A Stipulation is a type of workers' compensation settlement that generally settles a time loss or other benefits dispute, or that confirms a reversal of a workers' compensation denial. Most importantly, a Stipulation is not a complete settlement of an accepted or denied claim. In other words, it will not make a claim go away. Rather, it resolves a small portion of a claim - a dispute within a claim, not the whole claim.
Time Loss Stipulations
If you have pending litigation dealing with time loss, a Stipulation is used to resolve the litigation prior to hearing. These types of disputes generally involve the time loss rate, entitlement to time loss, penalties for late payment of time loss, and attorney fees. For example, you may have filed a Request for Hearing alleging your time loss rate should be higher, that you are owed $1,000 in late time loss, and that you should receive a 25 percent penalty. Assuming the insurer agrees they were in the wrong, this dispute would be resolved with a Stipulation. The Stipulation would be a signed document confirming the agreed-upon time loss rate, the amount owed, and any penalties due. It would also clarify that it resolved the pending litigation so there would no longer be a need for a hearing.
Reversal of Denial Stipulations
Another common type of Stipulation involves reversing a denial of your claim or a denial of a new medical condition claim. For example,you may have received a denial of your workers' compensation claim and appealed it. If, prior to the hearing date, the insurer decides to reverse the denial, they will do so via a Stipulation. Basically, the Stipulation would confirm the insurer is going to accept the claim and pay your attorney their fee. It would also clarify that it resolved the pending litigation so there would no longer be a need for a hearing.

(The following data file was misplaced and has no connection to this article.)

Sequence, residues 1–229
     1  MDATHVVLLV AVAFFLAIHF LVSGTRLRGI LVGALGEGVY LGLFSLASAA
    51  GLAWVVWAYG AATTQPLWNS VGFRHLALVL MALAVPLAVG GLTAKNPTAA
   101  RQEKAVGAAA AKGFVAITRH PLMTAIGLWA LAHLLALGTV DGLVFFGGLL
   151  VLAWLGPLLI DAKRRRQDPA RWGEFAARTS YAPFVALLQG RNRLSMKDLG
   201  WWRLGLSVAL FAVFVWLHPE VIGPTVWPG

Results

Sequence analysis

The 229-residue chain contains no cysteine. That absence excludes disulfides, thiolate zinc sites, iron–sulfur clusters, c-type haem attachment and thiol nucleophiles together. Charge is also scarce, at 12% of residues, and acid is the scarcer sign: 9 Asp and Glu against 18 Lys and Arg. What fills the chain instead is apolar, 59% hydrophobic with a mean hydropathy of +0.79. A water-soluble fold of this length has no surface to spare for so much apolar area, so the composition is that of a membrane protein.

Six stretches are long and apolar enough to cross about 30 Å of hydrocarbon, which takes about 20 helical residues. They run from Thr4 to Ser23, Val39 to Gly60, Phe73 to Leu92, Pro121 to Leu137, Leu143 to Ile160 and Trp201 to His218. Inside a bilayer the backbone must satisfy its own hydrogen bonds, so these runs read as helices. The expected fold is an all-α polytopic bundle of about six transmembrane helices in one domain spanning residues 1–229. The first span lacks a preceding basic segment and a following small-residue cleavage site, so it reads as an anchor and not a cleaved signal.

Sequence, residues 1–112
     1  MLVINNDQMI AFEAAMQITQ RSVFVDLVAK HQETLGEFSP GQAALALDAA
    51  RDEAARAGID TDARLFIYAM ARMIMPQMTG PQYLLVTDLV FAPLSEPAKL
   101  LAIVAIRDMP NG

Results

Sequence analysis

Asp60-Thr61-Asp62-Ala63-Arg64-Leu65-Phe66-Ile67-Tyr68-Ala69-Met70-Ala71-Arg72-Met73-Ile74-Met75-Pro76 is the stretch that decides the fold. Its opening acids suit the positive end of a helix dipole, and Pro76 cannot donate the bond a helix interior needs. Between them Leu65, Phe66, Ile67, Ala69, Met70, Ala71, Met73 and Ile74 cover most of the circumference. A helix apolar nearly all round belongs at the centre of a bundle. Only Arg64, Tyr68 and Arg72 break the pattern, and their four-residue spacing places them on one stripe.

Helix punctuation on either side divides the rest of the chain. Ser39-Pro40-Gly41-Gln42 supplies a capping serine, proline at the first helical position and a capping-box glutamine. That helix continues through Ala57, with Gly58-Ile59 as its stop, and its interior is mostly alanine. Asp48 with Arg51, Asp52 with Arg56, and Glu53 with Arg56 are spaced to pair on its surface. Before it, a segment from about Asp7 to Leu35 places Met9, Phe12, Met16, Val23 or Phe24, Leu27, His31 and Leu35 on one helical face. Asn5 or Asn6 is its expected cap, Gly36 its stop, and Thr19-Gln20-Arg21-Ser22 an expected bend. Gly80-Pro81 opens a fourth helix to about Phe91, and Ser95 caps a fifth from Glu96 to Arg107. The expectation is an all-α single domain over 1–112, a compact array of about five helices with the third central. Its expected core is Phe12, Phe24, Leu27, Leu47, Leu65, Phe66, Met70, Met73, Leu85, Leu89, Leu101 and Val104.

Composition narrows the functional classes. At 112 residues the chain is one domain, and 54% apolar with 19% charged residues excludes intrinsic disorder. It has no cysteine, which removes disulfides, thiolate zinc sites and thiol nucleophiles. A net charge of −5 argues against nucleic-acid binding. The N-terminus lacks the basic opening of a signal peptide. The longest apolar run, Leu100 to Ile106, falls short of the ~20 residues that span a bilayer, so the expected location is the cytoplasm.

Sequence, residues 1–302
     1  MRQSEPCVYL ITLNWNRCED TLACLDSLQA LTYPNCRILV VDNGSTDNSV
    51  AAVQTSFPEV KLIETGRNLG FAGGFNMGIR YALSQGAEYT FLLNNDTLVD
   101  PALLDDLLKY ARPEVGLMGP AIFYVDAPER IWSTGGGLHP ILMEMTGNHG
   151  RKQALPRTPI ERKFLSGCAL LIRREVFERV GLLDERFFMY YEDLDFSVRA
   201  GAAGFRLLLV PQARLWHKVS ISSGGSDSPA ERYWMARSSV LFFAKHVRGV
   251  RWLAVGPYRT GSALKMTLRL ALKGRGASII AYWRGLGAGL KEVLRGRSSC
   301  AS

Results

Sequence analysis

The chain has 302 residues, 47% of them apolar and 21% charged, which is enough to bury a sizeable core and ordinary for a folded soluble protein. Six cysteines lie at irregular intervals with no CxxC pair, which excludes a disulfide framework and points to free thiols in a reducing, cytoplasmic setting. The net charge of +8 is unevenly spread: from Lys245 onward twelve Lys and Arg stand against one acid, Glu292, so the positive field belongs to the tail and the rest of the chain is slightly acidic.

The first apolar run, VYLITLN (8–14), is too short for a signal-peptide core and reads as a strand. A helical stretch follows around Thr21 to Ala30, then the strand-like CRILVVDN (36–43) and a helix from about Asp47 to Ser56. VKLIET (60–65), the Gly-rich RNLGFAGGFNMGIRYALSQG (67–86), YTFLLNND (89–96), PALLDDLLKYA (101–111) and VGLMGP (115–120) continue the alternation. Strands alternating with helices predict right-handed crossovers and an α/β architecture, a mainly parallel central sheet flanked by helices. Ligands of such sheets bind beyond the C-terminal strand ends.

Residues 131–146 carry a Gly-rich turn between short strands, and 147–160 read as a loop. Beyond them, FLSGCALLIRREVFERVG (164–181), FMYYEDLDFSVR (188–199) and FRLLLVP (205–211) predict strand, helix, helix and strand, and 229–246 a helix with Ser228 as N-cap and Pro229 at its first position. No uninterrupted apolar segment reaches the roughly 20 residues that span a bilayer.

Attorney Fees and Costs
Attorney fees in Stipulations generally do not come out of your benefits. They are generally accounted for separately and paid separately, although they will be noted in the Stipulation. For example, if your Stipulation grants you an amount of unpaid time loss, your attorney will not be entitled to a portion of that owed time loss. Rather, they will be granted a separate dollar amount as their fee.
Likewise, if your Stipulation deals with a reversal of a denial, the attorney will be granted an attorney fee within the document. But, they will not be entitled to any percentage of the benefits you will receive for having an accepted claim.
Do You Need and Attorney to Settle Your Workers' Compensation Claim?
Yes. It is always a good idea to have an attorney help you settle your workers' compensation claim. The attorney will help you get a better settlement and make sure you do not give up more rights than you should.
Will my Workers' Compensation Settlement be Taxed?
No, proceeds from your workers' compensation settlement will not be taxed. Under Oregon law, it is not considered taxable income.
If you have questions about settling your workers' compensation claim, call us for a free consultation: (503) 975-5535.